Through genomic sequencing of the pineapple, scientists are learning how the tropical citrus fruit can survive even in the most water-starved environments.
A team of scientists has unlocked the genetic secrets of the pineapple in a bid to understand how this exceptional fruit works – and it could lead to a few important discoveries.
More specifically, the research team was looking for insight into how the plant is able to deal with droughts using a special form of photosynthesis, according to a Reuters report.
The genome provides a foundation for developing cultivated varieties that are improved for disease and insect resistance, quality, productivity and prolonged shelf life, University of Illinois plant biologist Ray Ming said.
Pineapples were tamed nearly 6,000 years prior in the regions which are now known as southwest Brazil and eastern Paraguay. They are in a matter of seconds developed in tropical and subtropical territories over the world, and are a enormous business.
After bananas, pineapples are the most important tropical fruit crop.
Ming said, “The mechanical creation of pineapple in Hawaii a century back made pineapple a well-known organic product overall in light of its remarkable flavor and fragrance”.
It has also been revealed that pineapple are the most valuable type of produce, out of 10,000 plant species which employ a type of photosynthesis called crassulacean acid metabolism (CAM).
But what is the thing which enables pineapple to thrive in limited water environment better than any other plant with CAM photosynthesis.
The researchers are hopeful the genome sequence will lead to opportunities to engineer the CAM characteristics into other food crops and increasing the amount of land that can be used to grow food for an ever-increasing population and fight world hunger.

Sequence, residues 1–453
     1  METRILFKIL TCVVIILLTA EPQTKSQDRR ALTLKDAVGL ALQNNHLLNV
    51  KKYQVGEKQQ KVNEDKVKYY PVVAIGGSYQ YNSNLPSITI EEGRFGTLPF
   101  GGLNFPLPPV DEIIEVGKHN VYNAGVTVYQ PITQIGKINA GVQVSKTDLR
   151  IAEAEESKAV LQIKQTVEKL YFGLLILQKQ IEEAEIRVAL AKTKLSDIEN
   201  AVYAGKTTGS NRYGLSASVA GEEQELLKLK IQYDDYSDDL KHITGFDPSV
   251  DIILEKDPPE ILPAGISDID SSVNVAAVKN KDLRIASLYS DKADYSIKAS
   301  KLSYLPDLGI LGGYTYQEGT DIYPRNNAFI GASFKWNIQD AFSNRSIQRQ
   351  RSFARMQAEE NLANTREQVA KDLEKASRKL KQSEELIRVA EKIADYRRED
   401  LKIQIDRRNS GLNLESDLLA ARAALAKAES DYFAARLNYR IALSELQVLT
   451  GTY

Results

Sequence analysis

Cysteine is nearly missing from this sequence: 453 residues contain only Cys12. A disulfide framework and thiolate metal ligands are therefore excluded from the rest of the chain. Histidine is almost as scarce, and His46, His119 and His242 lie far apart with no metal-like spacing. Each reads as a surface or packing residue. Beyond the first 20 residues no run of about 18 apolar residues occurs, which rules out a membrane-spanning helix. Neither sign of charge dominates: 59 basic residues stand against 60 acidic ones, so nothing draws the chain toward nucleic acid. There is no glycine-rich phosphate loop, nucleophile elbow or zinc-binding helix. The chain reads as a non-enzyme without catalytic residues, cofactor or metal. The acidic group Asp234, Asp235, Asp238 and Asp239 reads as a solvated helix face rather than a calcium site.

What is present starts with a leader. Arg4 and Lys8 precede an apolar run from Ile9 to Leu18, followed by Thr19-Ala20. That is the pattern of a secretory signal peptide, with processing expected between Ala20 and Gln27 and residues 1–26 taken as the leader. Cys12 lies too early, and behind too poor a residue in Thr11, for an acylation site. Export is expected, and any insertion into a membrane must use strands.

The research appears in the journal Nature Genetics.
Researchers found that it is the plant’s circadian clock which allows it to differentiate day and night and regulates metabolism accordingly.
The vast majority of crop plants, such as barley, wheat or rice, use C3 carbon fixation, and require moderate sun exposure and temperature values, plenty of water, and carbon dioxide concentrations of at least 200 ppm.
Understanding the evolution of these different types of photosynthesis will help scientists in their efforts to develop more productive, drought-tolerant varieties of essential crops, Ming said.
Ming said this makes sense because CAM photosynthesis lets plants close pores in their leaves during daytime and open them at night, helping retain moisture. CAM photosynthesis is a recurrent adaptation, with numerous independent origins across 35 diverse families of vascular plants.
“Higher water-use efficiency is a highly desirable trait, given the need to double food production by 2050 in the context of a changing climate”, he said. This suggests, then, that the plant can more easily protect itself from the hot sun during the day to reserve energy (much like the way mammals sleep) during the night.
Ming said that adapting food crops to become more resistant to droughts could also help secure food supplies in the coming years.